NaPoMo QOTD This Poem Is About The Sixties, But Poetry Repeats Itself. Well, It's Societal Significance Anyway.

"All autumn, the chafe and jar
of nuclear war;
we have talked our extinction to death."
- Fall 1961 by Robert Lowell* (PoLau '47-'48)

Robert Lowell spent six months in jail because he was a conscientious objector to World War II. I must say, I dig the fact that he's a pacifist, but that war was definitely worth fighting. Turns out Lowell was kind of crazy, though, so maybe it's best that he didn't go warring. I wonder what he would think of the current state of things. This is really a beautiful poem that is as relevant today as it was in the '60s. I love that lingering presence of poetry. Or maybe it's just proof that history repeats itself. I'm not sure, but I hope I hope it's the former.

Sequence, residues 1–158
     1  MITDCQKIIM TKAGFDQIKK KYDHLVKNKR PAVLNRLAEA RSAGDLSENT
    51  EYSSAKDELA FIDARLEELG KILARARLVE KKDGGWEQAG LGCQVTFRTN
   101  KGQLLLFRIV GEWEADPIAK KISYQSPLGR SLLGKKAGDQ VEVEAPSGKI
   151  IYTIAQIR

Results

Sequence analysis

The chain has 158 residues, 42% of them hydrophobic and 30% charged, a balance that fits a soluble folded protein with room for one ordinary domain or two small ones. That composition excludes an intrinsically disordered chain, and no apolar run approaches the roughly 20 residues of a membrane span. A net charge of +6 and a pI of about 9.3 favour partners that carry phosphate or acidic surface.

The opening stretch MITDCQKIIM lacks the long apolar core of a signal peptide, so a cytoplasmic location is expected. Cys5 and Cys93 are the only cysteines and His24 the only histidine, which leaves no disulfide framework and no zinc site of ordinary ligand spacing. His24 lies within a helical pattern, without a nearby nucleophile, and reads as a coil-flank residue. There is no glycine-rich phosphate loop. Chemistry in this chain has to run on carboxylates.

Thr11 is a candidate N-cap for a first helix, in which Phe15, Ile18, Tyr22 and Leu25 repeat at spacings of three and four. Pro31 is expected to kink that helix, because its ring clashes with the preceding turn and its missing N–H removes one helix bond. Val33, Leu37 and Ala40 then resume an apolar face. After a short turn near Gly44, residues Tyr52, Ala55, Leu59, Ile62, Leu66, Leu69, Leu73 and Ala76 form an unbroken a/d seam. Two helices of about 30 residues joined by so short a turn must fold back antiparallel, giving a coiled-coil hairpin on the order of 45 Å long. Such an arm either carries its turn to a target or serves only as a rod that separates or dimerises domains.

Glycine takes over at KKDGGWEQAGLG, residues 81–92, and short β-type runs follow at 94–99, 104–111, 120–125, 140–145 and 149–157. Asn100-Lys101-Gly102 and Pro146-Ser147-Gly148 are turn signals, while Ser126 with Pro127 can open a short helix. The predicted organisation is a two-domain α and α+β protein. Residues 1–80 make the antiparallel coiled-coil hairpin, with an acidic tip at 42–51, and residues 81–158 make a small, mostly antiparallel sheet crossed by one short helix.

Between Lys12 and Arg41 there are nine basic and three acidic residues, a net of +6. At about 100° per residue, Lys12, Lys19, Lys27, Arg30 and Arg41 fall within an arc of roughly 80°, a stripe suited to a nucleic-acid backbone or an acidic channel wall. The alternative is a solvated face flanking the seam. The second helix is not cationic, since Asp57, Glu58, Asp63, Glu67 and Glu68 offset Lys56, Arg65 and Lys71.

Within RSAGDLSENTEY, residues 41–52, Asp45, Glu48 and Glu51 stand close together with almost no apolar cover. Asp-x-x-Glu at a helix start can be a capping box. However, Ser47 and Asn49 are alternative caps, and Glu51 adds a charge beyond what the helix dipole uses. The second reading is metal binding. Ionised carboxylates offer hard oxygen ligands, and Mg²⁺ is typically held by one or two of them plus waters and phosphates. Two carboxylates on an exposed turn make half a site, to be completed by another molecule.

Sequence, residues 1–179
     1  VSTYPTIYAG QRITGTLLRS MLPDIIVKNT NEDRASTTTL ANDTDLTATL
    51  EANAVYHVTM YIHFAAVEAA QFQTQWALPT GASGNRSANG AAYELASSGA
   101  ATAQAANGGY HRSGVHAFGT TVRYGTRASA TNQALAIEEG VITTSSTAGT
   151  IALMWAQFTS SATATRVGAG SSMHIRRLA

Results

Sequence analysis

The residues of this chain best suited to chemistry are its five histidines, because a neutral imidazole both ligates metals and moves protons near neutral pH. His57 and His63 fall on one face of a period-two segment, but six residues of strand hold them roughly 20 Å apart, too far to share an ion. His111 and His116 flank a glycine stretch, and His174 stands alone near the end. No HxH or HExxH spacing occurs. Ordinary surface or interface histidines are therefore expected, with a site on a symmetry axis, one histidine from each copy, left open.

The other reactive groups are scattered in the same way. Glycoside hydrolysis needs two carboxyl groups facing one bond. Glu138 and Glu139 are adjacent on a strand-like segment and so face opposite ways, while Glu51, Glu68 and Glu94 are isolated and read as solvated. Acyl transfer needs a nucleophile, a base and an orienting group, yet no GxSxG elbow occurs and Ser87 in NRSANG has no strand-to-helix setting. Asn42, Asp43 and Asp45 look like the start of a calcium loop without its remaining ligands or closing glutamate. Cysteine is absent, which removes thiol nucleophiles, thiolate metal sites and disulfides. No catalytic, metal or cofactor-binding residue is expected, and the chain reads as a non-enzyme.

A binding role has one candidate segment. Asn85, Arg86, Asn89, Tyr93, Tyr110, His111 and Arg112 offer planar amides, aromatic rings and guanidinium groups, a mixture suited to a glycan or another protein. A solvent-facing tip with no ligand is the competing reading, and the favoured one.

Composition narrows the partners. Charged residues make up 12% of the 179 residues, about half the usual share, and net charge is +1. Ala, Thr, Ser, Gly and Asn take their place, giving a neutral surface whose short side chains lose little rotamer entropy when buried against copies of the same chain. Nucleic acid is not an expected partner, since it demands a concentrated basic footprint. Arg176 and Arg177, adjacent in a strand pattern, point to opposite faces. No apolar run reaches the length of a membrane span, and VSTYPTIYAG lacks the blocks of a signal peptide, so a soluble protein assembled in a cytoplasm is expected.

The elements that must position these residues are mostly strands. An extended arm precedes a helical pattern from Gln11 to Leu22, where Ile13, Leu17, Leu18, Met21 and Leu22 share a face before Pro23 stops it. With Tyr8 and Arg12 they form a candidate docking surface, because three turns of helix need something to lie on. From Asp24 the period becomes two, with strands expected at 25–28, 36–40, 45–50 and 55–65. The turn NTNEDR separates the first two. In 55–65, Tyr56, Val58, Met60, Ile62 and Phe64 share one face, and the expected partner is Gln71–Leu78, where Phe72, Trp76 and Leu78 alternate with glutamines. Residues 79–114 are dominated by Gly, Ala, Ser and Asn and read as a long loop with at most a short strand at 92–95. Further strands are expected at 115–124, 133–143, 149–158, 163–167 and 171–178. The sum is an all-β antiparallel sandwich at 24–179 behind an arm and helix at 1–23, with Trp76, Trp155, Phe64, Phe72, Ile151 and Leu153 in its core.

*From The Poets Laureate Anthology, published by W.W. Norton in association with the Library of Congress. Poem copyright Robert Lowell.


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